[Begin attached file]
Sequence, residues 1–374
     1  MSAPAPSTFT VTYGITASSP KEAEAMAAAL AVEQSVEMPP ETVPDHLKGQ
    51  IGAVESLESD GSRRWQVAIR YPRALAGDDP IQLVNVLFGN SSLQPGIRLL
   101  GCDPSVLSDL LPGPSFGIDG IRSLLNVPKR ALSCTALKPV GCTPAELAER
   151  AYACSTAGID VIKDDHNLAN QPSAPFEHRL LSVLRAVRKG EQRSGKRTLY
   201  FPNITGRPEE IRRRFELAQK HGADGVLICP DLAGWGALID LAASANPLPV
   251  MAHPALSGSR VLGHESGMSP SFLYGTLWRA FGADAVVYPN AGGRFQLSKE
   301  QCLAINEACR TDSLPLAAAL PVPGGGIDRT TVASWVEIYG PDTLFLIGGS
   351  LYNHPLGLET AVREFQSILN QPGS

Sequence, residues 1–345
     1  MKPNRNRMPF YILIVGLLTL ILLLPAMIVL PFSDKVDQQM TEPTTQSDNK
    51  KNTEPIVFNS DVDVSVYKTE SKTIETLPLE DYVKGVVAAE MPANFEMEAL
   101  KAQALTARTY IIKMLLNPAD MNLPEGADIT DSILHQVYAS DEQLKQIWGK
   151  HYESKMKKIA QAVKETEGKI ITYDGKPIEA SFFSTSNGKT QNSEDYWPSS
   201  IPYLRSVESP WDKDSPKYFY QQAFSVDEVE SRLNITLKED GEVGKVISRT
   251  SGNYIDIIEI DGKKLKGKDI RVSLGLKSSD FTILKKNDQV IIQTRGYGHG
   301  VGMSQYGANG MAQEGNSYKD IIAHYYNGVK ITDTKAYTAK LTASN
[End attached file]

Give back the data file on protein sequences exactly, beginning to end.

Sequence, residues 1–374
     1  MSAPAPSTFT VTYGITASSP KEAEAMAAAL AVEQSVEMPP ETVPDHLKGQ
    51  IGAVESLESD GSRRWQVAIR YPRALAGDDP IQLVNVLFGN SSLQPGIRLL
   101  GCDPSVLSDL LPGPSFGIDG IRSLLNVPKR ALSCTALKPV GCTPAELAER
   151  AYACSTAGID VIKDDHNLAN QPSAPFEHRL LSVLRAVRKG EQRSGKRTLY
   201  FPNITGRPEE IRRRFELAQK HGADGVLICP DLAGWGALID LAASANPLPV
   251  MAHPALSGSR VLGHESGMSP SFLYGTLWRA FGADAVVYPN AGGRFQLSKE
   301  QCLAINEACR TDSLPLAAAL PVPGGGIDRT TVASWVEIYG PDTLFLIGGS
   351  LYNHPLGLET AVREFQSILN QPGS

Sequence, residues 1–345
     1  MKPNRNRMPF YILIVGLLTL ILLLPAMIVL PFSDKVDQQM TEPTTQSDNK
    51  KNTEPIVFNS DVDVSVYKTE SKTIETLPLE DYVKGVVAAE MPANFEMEAL
   101  KAQALTARTY IIKMLLNPAD MNLPEGADIT DSILHQVYAS DEQLKQIWGK
   151  HYESKMKKIA QAVKETEGKI ITYDGKPIEA SFFSTSNGKT QNSEDYWPSS
   201  IPYLRSVESP WDKDSPKYFY QQAFSVDEVE SRLNITLKED GEVGKVISRT
   251  SGNYIDIIEI DGKKLKGKDI RVSLGLKSSD FTILKKNDQV IIQTRGYGHG
   301  VGMSQYGANG MAQEGNSYKD IIAHYYNGVK ITDTKAYTAK LTASN